The upshot is that just as there is a energy cost to doing things in the world, there is also a "cost" for systems to even exist in the world we know - aspects of that world must be unknowable. The converse is also true, if we encounter a system that is unstable and can be stabilised by releasing specific energy, then the specificity of that energy means that the time at which the event will occur is unknowable. We simply cannot consider a concept such as energy in isolation - without understanding the nature of concepts such as knowledge and time. Its a package deal.

Finally open systems through which energy flows are better able to maintain clocks and establish a time order, so life is a phenomenon associated with unstable energy flows.

The simplest explanation that I know as to why time runs in one direction, is that events in the reverse direction are "unobservable". I know that sounds like a tautology but if you show why they are unobservable then you have a better explanation. Likewise the positive observable energy could have in its negative counterpart a reason why it is unobservable, but now I really am not qualified to comment, I have already badly exceeded my limits.


ENERGY is a mathematical concept!!!

Many people often find the concept of energy quite confusing as they attempt to visualize or intuitively understand it. However, in reality, energy is indeed intuitive, but not in the way one might initially think. It's crucial to recognize that energy is not a tangible substance; instead, it is a conceptual and mathematical tool developed based on the fundamental principles of kinematics and kinetics, as laid out by Newton's Laws.

Sure, let's start with kinematics. We'll define ($r$) as the position vector, ($v$) as the velocity of the position vector, and ($a$) as the acceleration of the position vector. Now, let's express the kinematics equations in their differential form:

  1. Position to Velocity (First Derivative):

$$\frac{\mathrm{d} r}{\mathrm{d} t} = v$$

  1. Velocity to Acceleration (First Derivative):

$$\frac{\mathrm{d} v}{\mathrm{d} t} = a$$

Certainly, we can express these quantities as functions of each other without explicitly involving time by eliminating ($\mathrm{d} t$). Let's proceed:

$$\mathrm{d} t = \frac{\mathrm{d} r}{v}$$ $$\mathrm{d} t = \frac{\mathrm{d} v}{a}$$

Certainly, let's proceed by equating the two equations:

$$a \mathrm{d}r = v \mathrm{d}v$$

Now, let's integrate this expression to find as function of ($r$) and ($v$), then we have:

$$\int_{r_1}^{r_2}a \mathrm{d}r = \int_{v_1}^{v_2}v \mathrm{d}v$$

$$\int_{r_1}^{r_2}a \mathrm{d}r = \frac{1}{2}v_2^2-\frac{1}{2}v_1^2$$

Certainly, assuming a constant acceleration makes the integration process more intuitive. Let's go ahead and integrate the left side of the equation:

$$a\Delta r= \frac{1}{2}v_2^2-\frac{1}{2}v_1^2$$

Understanding this equation is very important. If we displace a distance $\Delta r$ with a constant acceleration $a$, then we should observe a variation in the quantity $\frac{1}{2}v^2$. This implies that with constant acceleration, if you cover a greater distance ($\Delta r$), you'll naturally achieve a higher velocity ($v$). This relationship is reasonably intuitive.

Certainly, to account for inertia and incorporate Newton's second law ($F=ma$), we can introduce mass ($m$) into the equation. Here's how we can do it:

$$\int_{r_1}^{r_2}F \mathrm{d}r = \frac{1}{2}mv_2^2-\frac{1}{2}mv_1^2$$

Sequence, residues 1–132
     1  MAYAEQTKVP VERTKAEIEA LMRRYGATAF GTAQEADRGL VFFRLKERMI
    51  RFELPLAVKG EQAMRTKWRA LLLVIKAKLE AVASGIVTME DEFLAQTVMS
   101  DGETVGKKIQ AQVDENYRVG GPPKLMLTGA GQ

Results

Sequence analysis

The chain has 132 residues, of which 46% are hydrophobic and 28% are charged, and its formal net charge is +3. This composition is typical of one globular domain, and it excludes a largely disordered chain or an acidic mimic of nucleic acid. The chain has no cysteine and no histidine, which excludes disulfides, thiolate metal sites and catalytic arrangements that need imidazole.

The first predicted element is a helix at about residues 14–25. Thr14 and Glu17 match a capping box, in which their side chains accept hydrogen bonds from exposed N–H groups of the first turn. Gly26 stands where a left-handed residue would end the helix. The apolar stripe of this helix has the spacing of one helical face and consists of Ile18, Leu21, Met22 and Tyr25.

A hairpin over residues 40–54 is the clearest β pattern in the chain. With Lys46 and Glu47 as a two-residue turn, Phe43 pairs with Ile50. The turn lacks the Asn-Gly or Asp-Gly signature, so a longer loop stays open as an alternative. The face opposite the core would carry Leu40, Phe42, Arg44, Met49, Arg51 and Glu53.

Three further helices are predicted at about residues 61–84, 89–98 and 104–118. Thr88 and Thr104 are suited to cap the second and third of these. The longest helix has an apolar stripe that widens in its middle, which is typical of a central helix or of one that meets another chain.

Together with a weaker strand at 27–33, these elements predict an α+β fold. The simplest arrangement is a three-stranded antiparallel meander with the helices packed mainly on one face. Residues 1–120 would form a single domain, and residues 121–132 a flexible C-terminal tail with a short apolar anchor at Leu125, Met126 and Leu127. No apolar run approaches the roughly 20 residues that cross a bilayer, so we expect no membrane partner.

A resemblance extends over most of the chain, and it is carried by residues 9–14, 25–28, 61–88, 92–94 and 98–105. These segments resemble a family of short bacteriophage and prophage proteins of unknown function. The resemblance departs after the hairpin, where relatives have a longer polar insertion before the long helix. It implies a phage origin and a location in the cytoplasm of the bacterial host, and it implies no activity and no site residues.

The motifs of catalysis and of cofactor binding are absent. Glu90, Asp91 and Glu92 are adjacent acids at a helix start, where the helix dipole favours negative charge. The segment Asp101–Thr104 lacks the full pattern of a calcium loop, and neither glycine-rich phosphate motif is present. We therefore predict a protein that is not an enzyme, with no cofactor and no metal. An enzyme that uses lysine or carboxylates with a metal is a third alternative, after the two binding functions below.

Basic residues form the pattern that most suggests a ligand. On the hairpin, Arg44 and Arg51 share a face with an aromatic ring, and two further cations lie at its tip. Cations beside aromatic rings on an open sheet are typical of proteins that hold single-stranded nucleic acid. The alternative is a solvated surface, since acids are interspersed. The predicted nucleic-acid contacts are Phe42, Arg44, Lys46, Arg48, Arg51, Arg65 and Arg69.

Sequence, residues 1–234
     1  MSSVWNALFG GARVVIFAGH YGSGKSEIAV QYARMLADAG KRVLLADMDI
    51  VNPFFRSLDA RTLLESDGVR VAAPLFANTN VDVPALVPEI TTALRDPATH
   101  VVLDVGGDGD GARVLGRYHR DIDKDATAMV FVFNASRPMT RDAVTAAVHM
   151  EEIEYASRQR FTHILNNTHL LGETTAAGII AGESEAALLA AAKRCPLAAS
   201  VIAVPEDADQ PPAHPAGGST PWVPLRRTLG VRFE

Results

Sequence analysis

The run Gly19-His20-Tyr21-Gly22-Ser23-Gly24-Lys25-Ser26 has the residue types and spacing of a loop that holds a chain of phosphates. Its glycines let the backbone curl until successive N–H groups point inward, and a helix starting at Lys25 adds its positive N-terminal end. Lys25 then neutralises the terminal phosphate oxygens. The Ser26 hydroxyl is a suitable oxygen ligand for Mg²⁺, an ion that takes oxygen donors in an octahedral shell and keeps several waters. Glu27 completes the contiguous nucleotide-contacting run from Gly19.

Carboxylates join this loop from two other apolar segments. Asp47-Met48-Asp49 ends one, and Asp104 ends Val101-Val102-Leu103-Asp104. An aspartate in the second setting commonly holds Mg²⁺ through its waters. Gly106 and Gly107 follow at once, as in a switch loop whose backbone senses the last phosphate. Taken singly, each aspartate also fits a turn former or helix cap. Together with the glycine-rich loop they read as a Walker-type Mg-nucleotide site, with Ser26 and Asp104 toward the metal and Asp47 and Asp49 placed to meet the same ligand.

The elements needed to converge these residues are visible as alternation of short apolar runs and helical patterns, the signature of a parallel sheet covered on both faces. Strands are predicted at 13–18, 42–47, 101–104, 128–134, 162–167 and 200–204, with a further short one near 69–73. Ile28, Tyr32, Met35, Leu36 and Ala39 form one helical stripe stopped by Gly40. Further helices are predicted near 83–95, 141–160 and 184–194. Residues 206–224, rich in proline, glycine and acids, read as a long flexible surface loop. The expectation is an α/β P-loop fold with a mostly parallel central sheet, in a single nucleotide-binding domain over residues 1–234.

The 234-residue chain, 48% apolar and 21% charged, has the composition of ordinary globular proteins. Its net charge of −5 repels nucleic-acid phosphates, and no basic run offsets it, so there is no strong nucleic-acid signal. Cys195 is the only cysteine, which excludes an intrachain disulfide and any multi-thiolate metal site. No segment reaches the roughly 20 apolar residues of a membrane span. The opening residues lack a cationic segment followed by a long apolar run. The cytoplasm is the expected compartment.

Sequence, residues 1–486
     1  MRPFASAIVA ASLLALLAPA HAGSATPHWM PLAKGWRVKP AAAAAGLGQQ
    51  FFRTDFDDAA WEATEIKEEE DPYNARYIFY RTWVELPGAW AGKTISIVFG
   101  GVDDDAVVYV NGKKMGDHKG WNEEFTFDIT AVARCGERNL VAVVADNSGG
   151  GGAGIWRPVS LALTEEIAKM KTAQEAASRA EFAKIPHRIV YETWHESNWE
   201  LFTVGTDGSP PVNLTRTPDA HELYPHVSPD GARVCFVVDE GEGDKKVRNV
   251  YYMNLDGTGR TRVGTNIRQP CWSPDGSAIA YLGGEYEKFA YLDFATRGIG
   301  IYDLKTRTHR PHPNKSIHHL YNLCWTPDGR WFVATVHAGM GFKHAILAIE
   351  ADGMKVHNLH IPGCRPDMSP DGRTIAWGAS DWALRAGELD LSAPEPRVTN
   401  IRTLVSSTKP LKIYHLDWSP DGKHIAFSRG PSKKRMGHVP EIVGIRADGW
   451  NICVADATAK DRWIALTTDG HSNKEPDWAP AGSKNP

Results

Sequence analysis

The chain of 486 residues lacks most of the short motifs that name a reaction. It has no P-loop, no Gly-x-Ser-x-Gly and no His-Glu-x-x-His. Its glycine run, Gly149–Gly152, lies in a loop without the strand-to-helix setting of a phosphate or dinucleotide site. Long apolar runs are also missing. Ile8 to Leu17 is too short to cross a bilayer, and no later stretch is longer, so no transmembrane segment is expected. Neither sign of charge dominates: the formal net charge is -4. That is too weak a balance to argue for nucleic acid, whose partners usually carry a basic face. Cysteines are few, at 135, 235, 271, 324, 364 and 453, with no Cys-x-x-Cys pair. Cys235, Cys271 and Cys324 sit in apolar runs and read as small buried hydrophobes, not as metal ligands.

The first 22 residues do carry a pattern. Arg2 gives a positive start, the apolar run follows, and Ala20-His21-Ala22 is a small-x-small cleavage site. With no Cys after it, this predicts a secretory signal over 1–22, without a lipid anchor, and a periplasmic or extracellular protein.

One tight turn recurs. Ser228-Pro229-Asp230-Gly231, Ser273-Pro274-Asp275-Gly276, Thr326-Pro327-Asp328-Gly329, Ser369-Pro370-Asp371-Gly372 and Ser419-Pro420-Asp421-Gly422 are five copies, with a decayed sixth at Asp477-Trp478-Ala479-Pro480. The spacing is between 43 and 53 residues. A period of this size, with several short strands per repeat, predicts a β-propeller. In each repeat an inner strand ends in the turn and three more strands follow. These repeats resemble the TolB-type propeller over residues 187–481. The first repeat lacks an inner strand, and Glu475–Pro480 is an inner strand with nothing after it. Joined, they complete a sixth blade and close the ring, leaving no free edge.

And just like that, we arrive at this fascinating mathematical relationship. In principle, we could have assigned any names to these quantities, but for some compelling reasons, they've been given specific names in the realm of physics. The quantity ($\frac{1}{2}mv^2$) is referred to as kinetic energy, often denoted as ($K$), while the integral of ($F \mathrm{d} r$) is known as work, symbolized as ($W$).


Let's not lose sight of the essence of this relationship. It fundamentally answers the question of how much our velocity changes when we experience a specific acceleration over a given distance. When we bring mass ($m$) into the picture, it allows us to gauge how much our kinetic energy ($K$) changes when a force is applied over a distance, or what we call work done ($W$).


What is energy?
Energy is the capacity of a system to do work.

Where does it come from?
It generally comes from another source of energy, as in energy gets converted from one form to another.

Where does it ultimately come from?
That my friend is a question for MetaPhysics.stackexchange.com, which sadly doesn't exist as of now. You might want to hop over to Area51 with a proposal.

  • 8
    $\begingroup$ -1 Energy is the capacity of a system to do work. What is Work? Change in Energy. Isn't this cyclical? $\endgroup$ Commented Jul 30, 2011 at 22:18
  • $\begingroup$ @Bernhard en.wikipedia.org/wiki/Energy $\endgroup$
    – abel
    Commented Aug 8, 2011 at 16:28
  • $\begingroup$ Agree, that (ultimately) this is a metaphysical question. $\endgroup$
    – jim
    Commented Mar 10, 2018 at 18:36
  • 2
    $\begingroup$ ::sigh:: It is not a metaphysical question and even in the classical version the cycle is broken because there is a definition of work that does not depend on energy: $\mathrm{d}W = \vec{F} \cdot \mathrm{d}\vec{s}$. The fact that it requires deep insight to notice that this quantity is important doesn't change the fact that it does not depend on a definition of energy. You use this definition of work to bootstrap the work-is-energy-transfer-and-energy-is-ability-to-do-work structure from the underlying mechanics. And that's all before we introduce the Noetherian definition. $\endgroup$ Commented Jan 1, 2019 at 21:03